Last but certainly not least in the series '5 questions on marketing during a global crisis', is Rachel Skeoch, marketing and communications manager at Hyperdrive Innovation (pictured). Rachel shares how they have approached marketing over the past four months and what have proven to be the best forms of communication for their business.
Hyperdrive Innovation designs, develops and manufactures lithium ion battery systems. As a trusted electrification partner to original equipment manufacturers around the world, their battery technology is present in a diverse range of applications, providing customers with the right energy at the right time.
Focusing on their long-term growth plans, they have very much risen to the challenge of business continuity, ensuring minimum disruption for customers.
Do you feel marketing is more or less important as businesses adjust to Coronavirus challenges?
Marketing has so many dynamic features that I'd certainly say more important. It's not only about external efforts and maintaining strong relationships with partners, customers and our supply chain, but also maintaining a solid internal brand that employees, investors and shareholders have confidence in.
In such unprecedented times for everyone, marketing can be seen as a central pillar that branches across a full business.
Have any aspects of your marketing plan had to change dramatically as a result of Coronavirus, and how have you adjusted?
One area that has been affected is our calendar of events for both national and international shows and conferences. Many have been postponed to the Autumn or even cancelled entirely for 2020 which is a great shame. It's important not to stop but instead, look for alternatives.
We're in the process of establishing our own hosted virtual events with each one having a key market theme and guest industry speaker. This way, we can still reach our customers and tailor material to each segment in a concise and engaging fashion.
Is there anything you're doing now to stay in touch with customers that you weren't doing before the pandemic?
We work with a select number of customers at a given time, from large international brands to smaller niche manufacturers. So we're fortunate that our communication is fairly constant across each key department. Some customers have been impacted more than others, so it's about supporting them where we can and adjusting manufacturing schedules to do so.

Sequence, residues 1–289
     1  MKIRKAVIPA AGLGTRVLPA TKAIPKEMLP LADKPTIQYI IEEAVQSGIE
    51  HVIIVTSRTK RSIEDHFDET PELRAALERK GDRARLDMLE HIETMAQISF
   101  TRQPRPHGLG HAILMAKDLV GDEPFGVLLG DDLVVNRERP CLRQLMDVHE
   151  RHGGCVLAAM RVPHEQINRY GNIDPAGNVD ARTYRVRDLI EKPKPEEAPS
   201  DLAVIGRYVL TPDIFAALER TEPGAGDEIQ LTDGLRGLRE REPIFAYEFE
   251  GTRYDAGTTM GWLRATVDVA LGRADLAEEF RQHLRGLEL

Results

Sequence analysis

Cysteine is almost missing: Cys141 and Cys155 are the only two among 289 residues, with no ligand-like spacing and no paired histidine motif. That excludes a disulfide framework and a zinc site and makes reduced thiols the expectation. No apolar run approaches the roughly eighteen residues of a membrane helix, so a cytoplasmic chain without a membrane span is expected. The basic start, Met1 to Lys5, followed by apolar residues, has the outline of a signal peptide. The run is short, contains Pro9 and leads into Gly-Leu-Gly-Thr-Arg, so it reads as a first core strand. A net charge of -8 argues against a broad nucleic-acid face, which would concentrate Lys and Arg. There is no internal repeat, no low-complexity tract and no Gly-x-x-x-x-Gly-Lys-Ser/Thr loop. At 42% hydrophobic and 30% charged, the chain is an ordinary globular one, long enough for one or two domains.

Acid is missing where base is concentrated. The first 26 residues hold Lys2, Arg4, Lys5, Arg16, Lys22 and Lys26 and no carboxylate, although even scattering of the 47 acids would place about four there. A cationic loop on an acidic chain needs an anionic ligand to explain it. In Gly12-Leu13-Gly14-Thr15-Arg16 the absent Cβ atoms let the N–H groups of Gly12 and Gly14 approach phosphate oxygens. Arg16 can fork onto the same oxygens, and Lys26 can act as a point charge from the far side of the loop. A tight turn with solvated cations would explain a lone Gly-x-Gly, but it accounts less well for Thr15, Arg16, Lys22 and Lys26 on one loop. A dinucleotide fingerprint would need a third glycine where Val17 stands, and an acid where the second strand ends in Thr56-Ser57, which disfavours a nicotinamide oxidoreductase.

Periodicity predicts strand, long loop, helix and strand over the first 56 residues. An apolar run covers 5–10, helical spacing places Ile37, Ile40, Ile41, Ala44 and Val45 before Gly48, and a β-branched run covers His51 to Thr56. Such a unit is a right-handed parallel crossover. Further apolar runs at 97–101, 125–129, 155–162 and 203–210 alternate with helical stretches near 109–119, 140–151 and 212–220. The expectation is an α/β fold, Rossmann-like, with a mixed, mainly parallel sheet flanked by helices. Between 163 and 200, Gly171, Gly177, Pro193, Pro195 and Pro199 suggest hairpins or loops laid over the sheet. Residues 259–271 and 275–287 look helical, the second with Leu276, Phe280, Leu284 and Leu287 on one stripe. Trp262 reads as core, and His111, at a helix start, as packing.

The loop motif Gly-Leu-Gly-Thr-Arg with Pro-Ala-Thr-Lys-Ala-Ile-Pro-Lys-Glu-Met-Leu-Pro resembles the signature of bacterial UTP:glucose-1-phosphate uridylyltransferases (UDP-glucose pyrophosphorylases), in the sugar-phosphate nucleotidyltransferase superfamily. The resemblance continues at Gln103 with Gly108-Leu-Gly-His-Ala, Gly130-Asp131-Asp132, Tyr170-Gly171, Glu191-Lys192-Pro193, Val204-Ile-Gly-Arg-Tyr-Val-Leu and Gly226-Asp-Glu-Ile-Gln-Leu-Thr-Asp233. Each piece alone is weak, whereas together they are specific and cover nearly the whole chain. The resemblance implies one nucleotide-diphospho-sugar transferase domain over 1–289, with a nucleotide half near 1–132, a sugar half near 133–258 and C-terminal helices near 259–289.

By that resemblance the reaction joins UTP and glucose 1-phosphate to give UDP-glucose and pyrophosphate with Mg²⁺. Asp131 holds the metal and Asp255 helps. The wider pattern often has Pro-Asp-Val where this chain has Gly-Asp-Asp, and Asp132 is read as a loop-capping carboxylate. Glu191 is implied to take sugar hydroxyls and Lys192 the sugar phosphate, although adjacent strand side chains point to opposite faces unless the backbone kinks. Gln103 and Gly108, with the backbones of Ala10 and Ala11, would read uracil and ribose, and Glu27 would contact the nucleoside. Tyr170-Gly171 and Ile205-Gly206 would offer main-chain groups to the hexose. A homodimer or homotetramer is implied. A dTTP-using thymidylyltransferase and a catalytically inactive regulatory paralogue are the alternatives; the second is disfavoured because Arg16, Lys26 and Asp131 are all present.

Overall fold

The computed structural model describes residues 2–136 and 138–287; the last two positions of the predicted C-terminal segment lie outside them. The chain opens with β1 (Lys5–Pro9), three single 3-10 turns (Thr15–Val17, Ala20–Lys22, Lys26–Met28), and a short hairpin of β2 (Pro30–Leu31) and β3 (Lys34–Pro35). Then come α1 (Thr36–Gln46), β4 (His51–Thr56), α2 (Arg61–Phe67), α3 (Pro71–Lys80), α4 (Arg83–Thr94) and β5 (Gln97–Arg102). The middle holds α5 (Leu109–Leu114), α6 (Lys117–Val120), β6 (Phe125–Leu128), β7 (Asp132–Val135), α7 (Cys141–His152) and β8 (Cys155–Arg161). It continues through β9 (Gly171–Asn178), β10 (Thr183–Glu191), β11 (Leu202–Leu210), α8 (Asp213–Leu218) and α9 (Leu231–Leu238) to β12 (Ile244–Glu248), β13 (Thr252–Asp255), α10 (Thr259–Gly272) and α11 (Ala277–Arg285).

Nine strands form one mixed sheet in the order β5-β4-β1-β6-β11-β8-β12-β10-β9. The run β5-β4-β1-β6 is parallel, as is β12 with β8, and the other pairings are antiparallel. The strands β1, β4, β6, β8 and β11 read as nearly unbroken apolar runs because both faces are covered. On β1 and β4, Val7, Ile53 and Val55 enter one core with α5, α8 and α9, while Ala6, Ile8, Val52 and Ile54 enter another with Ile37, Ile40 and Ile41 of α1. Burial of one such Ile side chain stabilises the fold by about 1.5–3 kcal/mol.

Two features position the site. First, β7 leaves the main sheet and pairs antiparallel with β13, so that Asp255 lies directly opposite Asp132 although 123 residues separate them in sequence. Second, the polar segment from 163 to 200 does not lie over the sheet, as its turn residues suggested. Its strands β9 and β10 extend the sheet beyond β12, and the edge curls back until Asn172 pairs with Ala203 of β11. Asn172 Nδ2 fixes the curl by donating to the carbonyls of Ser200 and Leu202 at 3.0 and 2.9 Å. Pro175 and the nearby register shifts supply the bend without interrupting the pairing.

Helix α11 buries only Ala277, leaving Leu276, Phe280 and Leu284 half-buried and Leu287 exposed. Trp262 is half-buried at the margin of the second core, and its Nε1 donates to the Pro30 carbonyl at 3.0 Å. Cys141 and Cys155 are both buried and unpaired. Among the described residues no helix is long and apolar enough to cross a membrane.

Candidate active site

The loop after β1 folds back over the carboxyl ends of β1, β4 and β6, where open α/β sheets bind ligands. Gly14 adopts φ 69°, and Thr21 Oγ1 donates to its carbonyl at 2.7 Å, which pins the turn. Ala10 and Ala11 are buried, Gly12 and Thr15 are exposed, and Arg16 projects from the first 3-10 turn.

Like everyone else, we're finding video conference tools invaluable for both internal communications and business development. We've also been working on two new customer initiatives throughout the pandemic, a customer feedback survey and a construction industry research report. We've actually found that it's been quite a good time to talk in-depth with customers, reflecting on achievements to date and what we might do differently going forward.
What kind of engagement are you seeing with the marketing/comms approach you're now taking and what methods are working well for you?
I find social media, especially LinkedIn, to be an effective marketing channel. It allows people to interact as individuals rather than companies, so engagement is always a lot higher. At the beginning of the pandemic, it was crucial to adjust our tone, reduce 'sell' posts and be sensitive to the ongoing situation.
It was such unchartered waters for both our customers and us, but we also wanted to maintain a light-hearted tone to our posts where appropriate. Not only that, but many people were also turning to social media for news updates. So it made sense to concentrate our efforts on boosting our presence where we could.
In a more general sense, what impact do you think the Coronavirus could have on the future of marketing and the way businesses communicate with customers?
With people continuing to work remotely until offices can safely cope with full capacity, I think it'll be a while before our old 'normal' ways of working return. Strategic, as well as day to day communication, will be more important than ever for both customers and employees alike. For marketers, a lot more emphasis may be placed on crisis communications, ensuring emergency contingency plans are in place.